improvements were made to the machine designs. Some machines
were made into semiautomatic, hydraulics replaced air and
automatic sizing became available as an option. During this
time motorized spindles became a reality.
With WWII on the horizon, business was building rapidly.
By 1938, sales had tripled and by 1940, the US Ordnance
Department requested that Bryant expand the building to
127,000 square feet. By 1942, the workforce grew to 1350
people with 200 of them being women. Production peaked at
3.5 machines per day. Demand was so high that 750 machines
had to be built outside by the Draper Corporation, Hopedale,
MA over a two-year period.
Bryant was awarded the Army-Navy
E Award in August 1942. With all of the war production in
the "Precision Valley", Springfield, VT ranked No. 7 most
important bombing target in the country.
As the war raged in Europe,
machine production dropped off and Bryant began building
radar units for Raytheon and General Electric. In addition,
Bryant participated in the workings of the highly secretive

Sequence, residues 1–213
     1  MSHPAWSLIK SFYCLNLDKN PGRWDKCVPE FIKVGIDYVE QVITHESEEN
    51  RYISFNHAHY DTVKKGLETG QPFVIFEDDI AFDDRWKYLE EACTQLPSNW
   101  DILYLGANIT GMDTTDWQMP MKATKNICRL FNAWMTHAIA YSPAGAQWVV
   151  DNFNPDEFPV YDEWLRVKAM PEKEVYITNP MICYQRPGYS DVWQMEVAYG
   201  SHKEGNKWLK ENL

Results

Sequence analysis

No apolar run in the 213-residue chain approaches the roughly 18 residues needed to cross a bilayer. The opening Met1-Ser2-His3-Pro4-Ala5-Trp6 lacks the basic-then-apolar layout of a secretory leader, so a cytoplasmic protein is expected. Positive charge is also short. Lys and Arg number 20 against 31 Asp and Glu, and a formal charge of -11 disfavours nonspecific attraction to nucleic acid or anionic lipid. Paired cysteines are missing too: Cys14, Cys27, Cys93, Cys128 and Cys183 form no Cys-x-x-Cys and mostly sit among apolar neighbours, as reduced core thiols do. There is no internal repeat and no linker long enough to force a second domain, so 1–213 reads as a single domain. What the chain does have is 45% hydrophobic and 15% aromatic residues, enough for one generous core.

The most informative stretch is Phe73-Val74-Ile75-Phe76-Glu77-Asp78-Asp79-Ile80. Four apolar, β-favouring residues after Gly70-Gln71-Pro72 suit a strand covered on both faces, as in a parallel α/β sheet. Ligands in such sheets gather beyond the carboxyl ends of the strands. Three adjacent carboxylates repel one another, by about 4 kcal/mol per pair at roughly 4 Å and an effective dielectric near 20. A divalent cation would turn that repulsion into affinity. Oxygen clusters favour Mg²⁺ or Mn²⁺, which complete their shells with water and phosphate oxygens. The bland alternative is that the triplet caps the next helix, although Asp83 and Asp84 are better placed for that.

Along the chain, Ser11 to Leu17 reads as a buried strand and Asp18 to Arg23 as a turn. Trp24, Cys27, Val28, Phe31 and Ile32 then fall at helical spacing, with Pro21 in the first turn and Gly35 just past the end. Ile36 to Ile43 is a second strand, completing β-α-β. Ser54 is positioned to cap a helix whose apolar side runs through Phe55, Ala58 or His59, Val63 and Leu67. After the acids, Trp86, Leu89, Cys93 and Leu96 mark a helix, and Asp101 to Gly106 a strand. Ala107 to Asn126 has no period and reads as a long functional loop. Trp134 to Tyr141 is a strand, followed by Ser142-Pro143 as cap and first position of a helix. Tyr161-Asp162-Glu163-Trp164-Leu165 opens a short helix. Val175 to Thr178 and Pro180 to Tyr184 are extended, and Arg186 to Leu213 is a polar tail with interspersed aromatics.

Manhattan Atomic Bomb Project. Bryant also worked with Bendix
on grinding bores to .000005" for use on fuel pumps for
the B-29 bombers. This program lead to the development of
the Bryant 1309-W model, designed especially for fuel injection
nozzle production. The first 1309-W was shipped to France
in 1949, followed by 4 domestic shipments and 11 to Japan,
Australia and other European countries. A Bryant grinder
was the first American machine tool to enter Japan after
In 1946, Joseph B. Johnson,
a long time employee who later became Governor of Vermont,
became Vice President and General Manager. Business was
again slow in the late 40's. But with the Korean War in
the winds, business increased sharply in 1950. This time,
production required two outside builders, Dexter Folder
of Pearl River, NY joined Draper to keep pace with demand.
In keeping with production, the 9" series of machines were